Ubiquity commands for Crossref services

So the other day Noel O’Boyle made me feel guilty when he pinged me and asked about the possibility using one of the Crossref APIs for creating a Ubiquity extension. You see, I had played with the idea myself and had not gotten around to doing much about it. This seemed inexcusable- particularly given how easy it is to build such extensions using the API we developed for the WordPress and Moveable Type plugins that we announced earlier in the year.

RSS Good Practice Guidelines

Tony Hammond

Tony Hammond – 2008 November 24


I just wanted to flag up here Lisa Rogers’ recent review article on RSS in FUMSI (the online magazine for information professionals published by Free Pint Ltd) RSS and Scholarly Journal Tables of Contents: the ticTOCs Project, and Good Practice Guidelines for Publishers Especially of interest is the diagram in Fig. 2 which breaks out the metadata elements that might be encountered in a rich web feed. Worthwhile pointing out that this reflects current practice and that under the item elements one would soon hope to see publishers routinely adding in prism:doi (with the bare DOI as value) and prism:url (with DOI target URL as value) from the PRISM 2.

Machine Readable: Are We There Yet?

Tony Hammond

Tony Hammond – 2008 November 19

In Metadata

The guidelines for Crossref publishers (“DOI Name Information and Guidelines” - [PDF, 210K][1]) has this to say in “Sect. 6.3 The response page” regarding the response page for a DOI:

“A minimal response page must contain a full bibliographic citation displayed to the user. A response page without bibliographic information should never be presented to a user.”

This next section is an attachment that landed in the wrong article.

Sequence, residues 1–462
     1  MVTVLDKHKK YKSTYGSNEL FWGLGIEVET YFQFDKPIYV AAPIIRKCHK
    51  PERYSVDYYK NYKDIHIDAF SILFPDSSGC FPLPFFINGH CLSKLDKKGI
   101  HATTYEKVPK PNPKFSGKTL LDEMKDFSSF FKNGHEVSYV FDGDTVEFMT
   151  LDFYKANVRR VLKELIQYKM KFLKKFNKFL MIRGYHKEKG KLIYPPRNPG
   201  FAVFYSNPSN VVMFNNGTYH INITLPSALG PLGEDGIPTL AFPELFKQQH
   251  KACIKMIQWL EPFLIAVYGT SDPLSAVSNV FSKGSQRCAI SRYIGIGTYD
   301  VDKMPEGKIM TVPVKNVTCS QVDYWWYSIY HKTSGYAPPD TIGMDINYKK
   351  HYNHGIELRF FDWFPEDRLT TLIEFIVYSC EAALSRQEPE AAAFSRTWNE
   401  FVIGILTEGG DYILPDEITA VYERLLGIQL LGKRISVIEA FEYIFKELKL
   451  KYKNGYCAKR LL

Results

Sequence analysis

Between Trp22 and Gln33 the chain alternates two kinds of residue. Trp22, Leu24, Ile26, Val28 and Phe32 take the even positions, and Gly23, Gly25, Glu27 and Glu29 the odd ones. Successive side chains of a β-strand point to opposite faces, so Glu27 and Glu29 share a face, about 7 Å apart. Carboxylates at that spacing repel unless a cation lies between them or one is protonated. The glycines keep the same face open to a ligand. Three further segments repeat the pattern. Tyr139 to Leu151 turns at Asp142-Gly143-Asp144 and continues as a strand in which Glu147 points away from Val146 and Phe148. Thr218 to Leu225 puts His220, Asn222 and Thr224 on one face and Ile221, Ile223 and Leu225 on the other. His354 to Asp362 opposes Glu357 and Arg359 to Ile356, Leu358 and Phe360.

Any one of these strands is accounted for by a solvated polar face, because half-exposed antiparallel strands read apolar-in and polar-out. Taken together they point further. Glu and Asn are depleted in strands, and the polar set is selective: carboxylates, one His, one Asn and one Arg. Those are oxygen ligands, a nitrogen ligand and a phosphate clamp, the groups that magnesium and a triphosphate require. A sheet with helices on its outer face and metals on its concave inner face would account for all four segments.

which would seem to be all fine and dandy. But if that user is a machine (or an agent acting for a user) they’ll likely be out of luck as the metadata in the bibliographic citation is generally targeted at human users.

So here’s a quick and dirty implementation of what a machine readable page could look like using RDFa. (The demo uses Jeni Tennison’s wonderful [rdfQuery][2] plugin which I [blogged][3] about earlier.)

Clicking the DOI link below will bring up in a sub-window a bibliographic citation which might be found in a typical DOI repsonse page. If you now click the “Read Me” link you should see an alert message which presents the bibliographic metadata as a complete RDF document (in a simple N3 – or Notation3 – format). This document is assembled on the fly by rdfQuery using the RDFa markup embedded in the page.

See the “View Source” link to list the actual XHTML markup and the RDFa properties which have been added. And note also that some of the properties are partially “hidden” to the human reader, e.g. a publication date is given in year form only whereas the machine record has the date in full, and some of the properties are fully “hidden”: print and electronic ISSNs, issue number, ending page, etc.

(Continues below.)


Tony Hammond

Tony Hammond – 2008 November 17

In Metadata

Whaddya know? I was just on the point of blogging about the real nice demo given by Jeni Tennison at last week’s SWIG UK meeting at HP Labs in Bristol of rdfQuery (an RDF plugin for jQuery - the zip file is here). And there today on her blog I see that she has a full writeup on rdfQuery, so I’ll defer to the expert. :~) All I can really add to that is that rdfQuery is a pretty darn cool way to add and manipulate RDFa using jQuery.